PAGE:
Mark's Story

Mental ill health is always something that happens to someone else right? I’d never really thought about how it might affect me as I had genuinely thought I’d never experience it first-hand. I’d always been the rock for other people – I couldn’t suffer, could I?

How things can change in the blink of an eye. I was in a job I frankly hated – it came along and swept me up, but I’d never stopped to think if it was actually the right position for me. I had been burying my emotions for far too long in the British male tradition of ‘man-up’ – things could only get better. But they didn’t, they got worse. I’d promised myself I would leave before things got too bad for me, but I never did. How I wish I had listened to my heart earlier. I’d been through a tough few years outside of work, lots of ‘big stuff’ had happened around me, none of which I suppose I had processed properly, least of all shared and talked through. It had all been building up behind an emotional dam I think – that was ready to burst.

I was incredibly lonely in my work, surrounded by people who I didn’t know, and who I felt didn’t want to know me. I was in a leadership position, and as often happens, people around you think you are super human – and somehow built differently emotionally to everyone else. I was becoming increasingly unhappy and felt trapped – unable to influence my present or future. It was toxic, and yet I continued to bury my feelings, hoping desperately that something would change for the better, but nothing did.

Eventually, after a particularly bad stretch in the office, with confrontations all around me I broke in spectacular fashion. The dam failed and I didn’t see it coming, I couldn’t prepare for it, an outpouring of raw emotion just erupted. I had cracked, then splintered into a hundred pieces and it was terrifying. I didn’t know what to do, or how to carry on. I suddenly felt vulnerable, emotional, lonely and lost – almost useless overnight. How had this happened? I’d never felt so overwhelmed and didn’t know which way was up.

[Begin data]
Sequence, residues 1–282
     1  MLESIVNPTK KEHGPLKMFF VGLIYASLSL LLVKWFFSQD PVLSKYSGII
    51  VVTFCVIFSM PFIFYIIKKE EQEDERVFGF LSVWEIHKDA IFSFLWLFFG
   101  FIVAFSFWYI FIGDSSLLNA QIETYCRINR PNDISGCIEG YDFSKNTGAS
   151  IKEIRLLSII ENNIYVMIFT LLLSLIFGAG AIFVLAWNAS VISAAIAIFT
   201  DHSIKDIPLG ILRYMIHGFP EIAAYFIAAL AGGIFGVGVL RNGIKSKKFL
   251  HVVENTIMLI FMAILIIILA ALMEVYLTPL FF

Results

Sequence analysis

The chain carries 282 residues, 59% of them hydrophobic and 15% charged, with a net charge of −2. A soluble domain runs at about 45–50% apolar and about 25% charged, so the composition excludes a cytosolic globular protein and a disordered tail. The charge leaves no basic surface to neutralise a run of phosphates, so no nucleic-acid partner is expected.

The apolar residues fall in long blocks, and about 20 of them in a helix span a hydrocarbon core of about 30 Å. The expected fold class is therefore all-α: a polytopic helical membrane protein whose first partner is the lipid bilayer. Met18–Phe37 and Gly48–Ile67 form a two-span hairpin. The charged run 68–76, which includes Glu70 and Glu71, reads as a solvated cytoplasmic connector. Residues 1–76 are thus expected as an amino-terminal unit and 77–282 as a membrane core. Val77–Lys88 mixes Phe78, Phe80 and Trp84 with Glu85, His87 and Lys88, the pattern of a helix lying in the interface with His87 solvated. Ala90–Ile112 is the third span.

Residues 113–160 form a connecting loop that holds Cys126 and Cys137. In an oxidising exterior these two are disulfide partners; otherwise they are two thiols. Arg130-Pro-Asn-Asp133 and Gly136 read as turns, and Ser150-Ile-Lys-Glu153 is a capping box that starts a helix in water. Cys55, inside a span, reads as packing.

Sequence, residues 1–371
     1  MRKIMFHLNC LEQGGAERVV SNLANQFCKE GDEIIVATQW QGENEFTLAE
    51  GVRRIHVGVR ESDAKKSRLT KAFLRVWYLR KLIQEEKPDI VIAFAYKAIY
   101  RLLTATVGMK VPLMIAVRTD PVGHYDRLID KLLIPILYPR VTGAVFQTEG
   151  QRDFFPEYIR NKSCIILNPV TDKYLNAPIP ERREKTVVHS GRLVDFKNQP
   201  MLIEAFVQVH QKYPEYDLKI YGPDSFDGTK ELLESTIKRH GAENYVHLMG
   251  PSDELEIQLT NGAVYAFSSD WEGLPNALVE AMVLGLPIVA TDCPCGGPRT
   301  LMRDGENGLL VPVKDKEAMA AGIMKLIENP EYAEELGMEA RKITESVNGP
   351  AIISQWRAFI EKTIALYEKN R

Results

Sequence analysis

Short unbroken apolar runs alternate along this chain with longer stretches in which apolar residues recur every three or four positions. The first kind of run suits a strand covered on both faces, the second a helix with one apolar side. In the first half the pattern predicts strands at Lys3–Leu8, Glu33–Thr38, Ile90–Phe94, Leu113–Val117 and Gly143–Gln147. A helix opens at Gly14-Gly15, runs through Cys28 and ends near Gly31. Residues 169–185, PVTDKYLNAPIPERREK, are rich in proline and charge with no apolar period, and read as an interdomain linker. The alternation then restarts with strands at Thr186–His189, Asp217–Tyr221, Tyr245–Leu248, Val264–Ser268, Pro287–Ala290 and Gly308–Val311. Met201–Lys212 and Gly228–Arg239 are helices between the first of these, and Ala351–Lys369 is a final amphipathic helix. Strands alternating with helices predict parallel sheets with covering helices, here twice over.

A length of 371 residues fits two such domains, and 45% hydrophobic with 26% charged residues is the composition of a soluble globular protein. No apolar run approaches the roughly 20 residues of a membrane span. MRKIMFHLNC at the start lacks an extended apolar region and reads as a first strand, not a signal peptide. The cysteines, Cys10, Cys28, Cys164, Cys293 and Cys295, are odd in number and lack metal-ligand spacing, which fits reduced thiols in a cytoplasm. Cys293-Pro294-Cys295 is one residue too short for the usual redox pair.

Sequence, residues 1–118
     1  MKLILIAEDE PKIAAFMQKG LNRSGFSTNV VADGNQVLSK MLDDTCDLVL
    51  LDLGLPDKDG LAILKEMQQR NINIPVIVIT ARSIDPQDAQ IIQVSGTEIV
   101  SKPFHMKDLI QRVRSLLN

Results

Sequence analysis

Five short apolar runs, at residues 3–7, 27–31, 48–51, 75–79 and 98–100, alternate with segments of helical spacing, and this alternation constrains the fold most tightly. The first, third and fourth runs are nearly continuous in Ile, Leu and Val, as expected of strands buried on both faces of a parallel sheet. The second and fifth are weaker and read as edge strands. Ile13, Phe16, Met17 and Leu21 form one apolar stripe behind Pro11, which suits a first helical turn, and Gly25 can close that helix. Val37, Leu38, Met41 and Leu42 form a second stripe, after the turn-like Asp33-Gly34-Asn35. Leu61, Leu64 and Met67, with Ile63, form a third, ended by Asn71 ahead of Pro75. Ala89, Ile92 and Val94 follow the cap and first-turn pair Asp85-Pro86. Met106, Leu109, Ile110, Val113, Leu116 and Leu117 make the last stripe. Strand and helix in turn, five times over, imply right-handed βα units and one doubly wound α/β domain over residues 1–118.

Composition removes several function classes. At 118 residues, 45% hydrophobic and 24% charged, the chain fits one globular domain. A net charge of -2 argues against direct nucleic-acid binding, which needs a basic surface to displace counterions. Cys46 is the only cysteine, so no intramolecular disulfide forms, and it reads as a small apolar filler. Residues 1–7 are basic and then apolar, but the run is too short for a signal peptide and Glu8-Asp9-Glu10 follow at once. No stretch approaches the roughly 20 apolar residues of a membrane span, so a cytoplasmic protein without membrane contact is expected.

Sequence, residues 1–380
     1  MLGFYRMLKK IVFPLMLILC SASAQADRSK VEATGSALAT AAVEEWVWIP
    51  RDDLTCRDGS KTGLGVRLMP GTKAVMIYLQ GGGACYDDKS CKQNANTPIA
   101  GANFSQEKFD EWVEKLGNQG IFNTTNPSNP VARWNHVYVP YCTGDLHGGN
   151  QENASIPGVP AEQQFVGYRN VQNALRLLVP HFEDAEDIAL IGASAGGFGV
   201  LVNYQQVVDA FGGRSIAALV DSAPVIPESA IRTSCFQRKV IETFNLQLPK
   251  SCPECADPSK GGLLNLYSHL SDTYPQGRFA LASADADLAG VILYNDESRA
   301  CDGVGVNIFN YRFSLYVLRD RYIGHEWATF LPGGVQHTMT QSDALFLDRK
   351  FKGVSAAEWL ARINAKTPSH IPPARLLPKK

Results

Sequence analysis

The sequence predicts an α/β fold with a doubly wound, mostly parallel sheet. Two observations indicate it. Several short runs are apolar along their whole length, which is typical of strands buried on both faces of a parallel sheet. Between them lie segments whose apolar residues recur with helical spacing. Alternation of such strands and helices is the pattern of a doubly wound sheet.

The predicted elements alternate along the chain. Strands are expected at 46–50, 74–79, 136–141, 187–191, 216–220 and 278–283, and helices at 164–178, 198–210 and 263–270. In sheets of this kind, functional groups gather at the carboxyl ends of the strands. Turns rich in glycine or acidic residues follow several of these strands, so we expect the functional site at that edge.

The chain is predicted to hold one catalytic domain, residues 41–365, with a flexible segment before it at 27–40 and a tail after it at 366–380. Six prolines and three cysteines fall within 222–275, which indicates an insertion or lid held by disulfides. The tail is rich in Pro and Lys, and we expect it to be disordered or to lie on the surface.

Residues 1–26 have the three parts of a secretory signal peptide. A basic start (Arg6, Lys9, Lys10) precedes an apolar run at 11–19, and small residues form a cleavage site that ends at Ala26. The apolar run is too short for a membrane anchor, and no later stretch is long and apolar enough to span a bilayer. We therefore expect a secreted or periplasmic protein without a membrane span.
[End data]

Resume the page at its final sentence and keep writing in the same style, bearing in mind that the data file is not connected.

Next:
When I needed them most, I was fortunate to find Architect’s Benevolent Society and they were the safety net I previously didn’t know existed. I was thankfully ushered into some valuable emergency counselling – which brought me back from the emotional precipice I felt I was standing on through a lot of tears and talking. The freedom to talk openly and emotionally was essential and allowed me to fully appreciate the chemistry and physical effects of what had happened to me. It could have been very different. Fundamentally though I realised I had to stop. Stop everything and allow my brain some time to spin down from the extreme place it had ventured to. I was lucky to be supported by ABS to allow me to spend some time re-evaluating and away from the office. This time has been vital – I couldn’t carry on as I was and now I can see light at the end of the tunnel.

I’ve had a few early hiccups along the way – stressful situations can still be a challenge. I feel somehow emotionally supercharged if that makes sense? It is either highs or lows – but the frequency and extremes feel like they have subsided which is reassuring. I have learnt how to re-organise my thoughts and regain some sort of perspective. At the middle of this though is the realisation that things had got way, way out of control. It wasn’t my fault even though it felt like it was, but I needed to realise that before things could improve.

Slowly I feel like I have rebuilt my life – in a new direction, I hope. I’ve had to slow everything down and re-prioritise many things. There is still a long way to go – there has been lots of talking and re-aligning of my emotions and thoughts to allow me to get back to where I was before this all came crashing down around me. I feel like I have emerged from a long and essential reboot and looking forward to the completion of this process. I’m certainly ready for a change for the better.

I’m optimistic that a new direction and alignment of life’s priorities has helped – along with the fantastic love and support from my wife, family and friends that has seen me through along with the valuable support and resources of Architects Benevolent Society.

Remember to be gentle to yourself and if it doesn’t feel right – talk to someone about it before it’s too late. I’ve learnt that there is always a way through this complex thing we call life even though at times it felt like there was no way out.  It may take a lot of effort to find the path, but it’s worth fighting for.

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